Unity lays off hundreds of employees in “resource realignment”

Despite CEO Riccitello's assurances, Unity has cut four per cent of its workforce

Unity has laid off approximately 200 workers as they “realign some of [their] resources.”

Unity is one of the most used game engines in the industry. While Epic Games and its Unreal Engine tend to cater to larger developers, Unity targets the indie market. The company behind the engine employed up to 3,300 employees when it went public in June 2020. However, since going public Unity’s stock price has been plummeting, already down 70 per cent this year alone.

As reported by Kotaku, two weeks ago Unity CEO John Riccitello assured employees that there would be no layoffs during an all-hands meeting. It would appear that this wasn’t the case as Unity has now laid off four per cent of its workforce, which amounts to approximately 200 workers.


In a statement given to Protocol, Unity had the following to say: “As part of a continued planning process where we regularly assess our resourcing levels against our company priorities, we decided to realign some of our resources to better drive focus and support our long-term growth. This resulted in some hard decisions that impacted approximately 4% of all Unity workforce. We are grateful for the contributions of those leaving Unity and we are supporting them through this difficult transition.”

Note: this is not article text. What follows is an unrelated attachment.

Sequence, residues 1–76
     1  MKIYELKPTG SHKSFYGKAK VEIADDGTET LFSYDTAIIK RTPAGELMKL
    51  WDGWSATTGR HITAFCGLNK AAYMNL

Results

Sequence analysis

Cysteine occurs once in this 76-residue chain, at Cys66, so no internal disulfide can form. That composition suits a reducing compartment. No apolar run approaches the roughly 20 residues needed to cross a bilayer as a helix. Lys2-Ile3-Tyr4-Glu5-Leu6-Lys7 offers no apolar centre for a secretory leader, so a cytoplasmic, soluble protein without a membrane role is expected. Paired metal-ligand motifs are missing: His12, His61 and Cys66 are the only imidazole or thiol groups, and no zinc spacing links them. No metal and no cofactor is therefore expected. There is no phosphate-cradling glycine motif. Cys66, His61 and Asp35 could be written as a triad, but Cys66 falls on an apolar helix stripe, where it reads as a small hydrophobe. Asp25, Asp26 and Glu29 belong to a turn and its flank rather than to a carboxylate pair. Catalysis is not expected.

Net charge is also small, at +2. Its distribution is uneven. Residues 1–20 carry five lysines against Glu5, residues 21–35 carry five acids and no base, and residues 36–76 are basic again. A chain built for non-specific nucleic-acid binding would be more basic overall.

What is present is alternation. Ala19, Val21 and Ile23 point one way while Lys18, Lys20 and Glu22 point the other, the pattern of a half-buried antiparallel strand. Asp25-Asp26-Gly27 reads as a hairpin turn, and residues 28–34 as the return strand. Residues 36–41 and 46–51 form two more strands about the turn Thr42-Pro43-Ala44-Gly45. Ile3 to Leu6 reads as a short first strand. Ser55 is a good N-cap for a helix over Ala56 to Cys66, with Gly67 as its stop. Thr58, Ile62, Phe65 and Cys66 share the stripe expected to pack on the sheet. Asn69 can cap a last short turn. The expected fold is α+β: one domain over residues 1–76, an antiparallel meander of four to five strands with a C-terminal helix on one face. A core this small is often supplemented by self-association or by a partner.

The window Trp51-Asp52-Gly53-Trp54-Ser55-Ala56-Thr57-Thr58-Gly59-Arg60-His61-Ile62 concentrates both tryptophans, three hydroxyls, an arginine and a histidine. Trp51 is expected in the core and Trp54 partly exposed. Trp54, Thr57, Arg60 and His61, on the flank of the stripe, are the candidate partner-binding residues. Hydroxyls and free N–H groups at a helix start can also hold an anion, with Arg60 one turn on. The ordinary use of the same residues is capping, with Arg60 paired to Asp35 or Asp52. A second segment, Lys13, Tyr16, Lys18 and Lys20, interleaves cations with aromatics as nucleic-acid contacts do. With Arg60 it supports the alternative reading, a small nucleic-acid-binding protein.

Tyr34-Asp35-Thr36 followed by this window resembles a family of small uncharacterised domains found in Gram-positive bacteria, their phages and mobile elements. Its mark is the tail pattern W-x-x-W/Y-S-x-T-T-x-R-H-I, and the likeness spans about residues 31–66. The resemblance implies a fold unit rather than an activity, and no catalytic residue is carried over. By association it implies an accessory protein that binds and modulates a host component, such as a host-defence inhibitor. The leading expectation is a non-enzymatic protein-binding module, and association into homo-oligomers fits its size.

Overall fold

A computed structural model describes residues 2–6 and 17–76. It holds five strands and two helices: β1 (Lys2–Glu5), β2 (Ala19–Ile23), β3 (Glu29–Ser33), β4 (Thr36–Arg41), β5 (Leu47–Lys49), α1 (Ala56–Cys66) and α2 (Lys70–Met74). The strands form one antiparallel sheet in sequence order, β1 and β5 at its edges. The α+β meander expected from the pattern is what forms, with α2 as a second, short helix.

Laid-off employees will be paid for the next month, and another month of severance and COBRA health coverage will be available to them after that.

There have been murmurings of discontent at Unity, with Kotaku reporting that rapid strategic pivots are commonplace at the company and an anonymous source on the tech message board Blind claiming that the company instituted a hiring freeze earlier this month.

Despite the layoffs and falling share prices, Unity acquired digital effects studio Weta, best-known for its work on the Lord Of The Rings trilogy, for £1.3 billion last year. Last August, Unity also acquired cloud gaming company Parsec for £260 million.

In other industry news, Pokémon Go creators Niantic cut 8 per cent of its staff in a recent layoff.